Here we have the most hyped card of Noble Victories. In my opinion, the hype was a little bit more than it deserved. Do not get me wrong, this is still a great deck. It is just not on the level that we thought it was going to be and here’s why:
This deck just fails a little too often to be a true Tier 1 deck. There are just too many times (even if it’s once per tournament) where you use Energymite and get… Nothing. Then you are really behind in the match. Also, this deck is missing mid to end game consistency. Yes, if might work on turn two. You might take 3 prizes on turn three, but if you lose the energy on your board, you might be in big trouble.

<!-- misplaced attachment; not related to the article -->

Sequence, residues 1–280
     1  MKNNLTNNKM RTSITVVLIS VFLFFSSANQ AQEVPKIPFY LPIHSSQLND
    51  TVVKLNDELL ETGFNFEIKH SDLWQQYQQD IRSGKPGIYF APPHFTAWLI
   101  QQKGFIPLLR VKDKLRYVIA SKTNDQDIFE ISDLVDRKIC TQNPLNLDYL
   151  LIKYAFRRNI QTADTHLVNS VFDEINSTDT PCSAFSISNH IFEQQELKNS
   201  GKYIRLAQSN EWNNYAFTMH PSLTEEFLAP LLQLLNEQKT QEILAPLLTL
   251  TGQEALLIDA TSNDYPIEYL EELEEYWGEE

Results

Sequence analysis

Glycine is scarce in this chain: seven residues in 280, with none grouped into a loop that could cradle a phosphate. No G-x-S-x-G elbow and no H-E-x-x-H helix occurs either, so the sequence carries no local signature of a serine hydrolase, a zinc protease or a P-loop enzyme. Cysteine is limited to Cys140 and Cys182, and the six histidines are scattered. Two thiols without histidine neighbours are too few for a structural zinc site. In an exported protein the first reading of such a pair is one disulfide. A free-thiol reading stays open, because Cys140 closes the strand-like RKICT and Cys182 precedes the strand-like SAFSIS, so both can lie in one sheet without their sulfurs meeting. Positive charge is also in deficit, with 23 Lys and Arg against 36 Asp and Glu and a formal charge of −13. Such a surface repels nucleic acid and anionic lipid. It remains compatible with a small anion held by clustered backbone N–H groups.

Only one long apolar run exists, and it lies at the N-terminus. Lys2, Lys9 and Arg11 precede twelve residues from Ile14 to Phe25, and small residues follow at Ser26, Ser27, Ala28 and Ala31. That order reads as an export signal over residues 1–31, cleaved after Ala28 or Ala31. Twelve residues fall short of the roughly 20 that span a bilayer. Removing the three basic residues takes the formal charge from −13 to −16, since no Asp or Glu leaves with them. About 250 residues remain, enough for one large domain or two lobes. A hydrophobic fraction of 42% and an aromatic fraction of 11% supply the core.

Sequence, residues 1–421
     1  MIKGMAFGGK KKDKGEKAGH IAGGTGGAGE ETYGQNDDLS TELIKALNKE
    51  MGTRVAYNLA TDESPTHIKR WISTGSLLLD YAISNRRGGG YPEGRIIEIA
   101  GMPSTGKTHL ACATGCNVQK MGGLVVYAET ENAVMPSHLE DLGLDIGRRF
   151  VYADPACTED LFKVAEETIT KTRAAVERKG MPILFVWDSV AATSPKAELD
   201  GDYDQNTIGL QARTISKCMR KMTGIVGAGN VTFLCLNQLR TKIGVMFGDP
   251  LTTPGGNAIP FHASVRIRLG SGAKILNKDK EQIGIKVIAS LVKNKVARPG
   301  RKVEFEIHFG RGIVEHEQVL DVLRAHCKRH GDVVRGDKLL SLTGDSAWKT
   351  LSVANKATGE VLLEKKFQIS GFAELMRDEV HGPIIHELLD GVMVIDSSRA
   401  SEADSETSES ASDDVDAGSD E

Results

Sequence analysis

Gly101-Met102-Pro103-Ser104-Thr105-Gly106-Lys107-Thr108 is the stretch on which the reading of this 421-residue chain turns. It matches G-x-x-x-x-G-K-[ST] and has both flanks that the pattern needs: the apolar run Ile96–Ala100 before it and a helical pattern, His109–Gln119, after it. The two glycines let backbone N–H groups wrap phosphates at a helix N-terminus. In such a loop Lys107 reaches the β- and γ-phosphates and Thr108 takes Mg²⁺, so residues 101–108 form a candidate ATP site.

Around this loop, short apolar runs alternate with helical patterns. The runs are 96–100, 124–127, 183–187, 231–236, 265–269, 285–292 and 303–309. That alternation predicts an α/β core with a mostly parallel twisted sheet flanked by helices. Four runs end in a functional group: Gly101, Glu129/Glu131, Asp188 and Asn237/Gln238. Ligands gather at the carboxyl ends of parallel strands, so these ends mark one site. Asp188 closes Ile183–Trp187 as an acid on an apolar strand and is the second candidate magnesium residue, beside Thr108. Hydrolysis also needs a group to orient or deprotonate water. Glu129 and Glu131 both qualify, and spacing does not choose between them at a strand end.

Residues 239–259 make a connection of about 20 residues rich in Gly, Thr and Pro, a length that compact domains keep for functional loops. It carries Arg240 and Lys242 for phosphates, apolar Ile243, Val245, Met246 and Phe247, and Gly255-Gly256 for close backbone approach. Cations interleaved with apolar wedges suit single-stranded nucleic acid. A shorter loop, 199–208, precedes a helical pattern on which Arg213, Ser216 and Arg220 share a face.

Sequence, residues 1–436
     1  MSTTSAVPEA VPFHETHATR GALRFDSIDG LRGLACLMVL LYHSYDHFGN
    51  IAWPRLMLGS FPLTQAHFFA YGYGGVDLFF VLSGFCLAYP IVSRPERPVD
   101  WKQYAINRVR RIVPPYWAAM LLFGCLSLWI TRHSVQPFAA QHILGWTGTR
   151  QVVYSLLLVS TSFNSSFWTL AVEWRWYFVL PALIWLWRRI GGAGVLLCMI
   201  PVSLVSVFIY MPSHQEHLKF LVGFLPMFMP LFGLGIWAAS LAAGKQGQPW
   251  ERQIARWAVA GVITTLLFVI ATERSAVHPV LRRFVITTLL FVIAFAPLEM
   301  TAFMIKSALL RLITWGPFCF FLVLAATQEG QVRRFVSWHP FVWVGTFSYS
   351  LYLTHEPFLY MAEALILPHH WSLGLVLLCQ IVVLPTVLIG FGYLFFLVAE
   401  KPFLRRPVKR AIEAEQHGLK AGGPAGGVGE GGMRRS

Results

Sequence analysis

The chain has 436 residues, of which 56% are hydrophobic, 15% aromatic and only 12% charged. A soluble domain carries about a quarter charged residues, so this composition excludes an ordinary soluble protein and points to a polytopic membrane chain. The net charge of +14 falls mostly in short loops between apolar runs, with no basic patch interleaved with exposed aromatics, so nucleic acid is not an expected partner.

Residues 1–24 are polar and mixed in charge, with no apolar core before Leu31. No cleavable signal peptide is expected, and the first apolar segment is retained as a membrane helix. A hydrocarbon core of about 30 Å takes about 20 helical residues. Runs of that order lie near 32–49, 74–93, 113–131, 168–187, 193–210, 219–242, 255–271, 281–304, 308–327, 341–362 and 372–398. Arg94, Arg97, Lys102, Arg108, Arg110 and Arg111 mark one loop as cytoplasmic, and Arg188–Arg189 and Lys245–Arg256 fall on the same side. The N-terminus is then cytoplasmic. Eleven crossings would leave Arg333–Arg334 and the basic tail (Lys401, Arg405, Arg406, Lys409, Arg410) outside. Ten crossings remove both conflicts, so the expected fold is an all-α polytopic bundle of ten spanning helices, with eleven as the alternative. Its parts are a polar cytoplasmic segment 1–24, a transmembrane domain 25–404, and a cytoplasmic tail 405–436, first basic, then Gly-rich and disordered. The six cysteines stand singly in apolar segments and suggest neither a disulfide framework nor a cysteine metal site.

This is a very good deck, just not a great deck. I’m sure others will disagree with me, but hey, it is what it is.
pokemon-paradijs.comHere’s a nice little surprise (and one I got right from my last article, OK enough braggin). Most people thought that D&D would fall off the face of the earth because of Kyurem (they also said that about tyRam). The problem though is that Kyurem actually helps D&D more it hurts it.
First, Kyurem allows D&D to cover more type advantages. Second, Kyurem cannot OHKO Donphan. I think that people underestimated that second point. Unless you can OHKO Donphan you are not a great counter. Third, Glaciate just works into D&D’s favor. It powers up the Outrage attack all the more quickly.
Toss in the fact that Donphan can really abuse Rocky Helmet and we still have a very solid deck. It also doesn’t hurt that the two best decks in the format currently are pure Lightning types.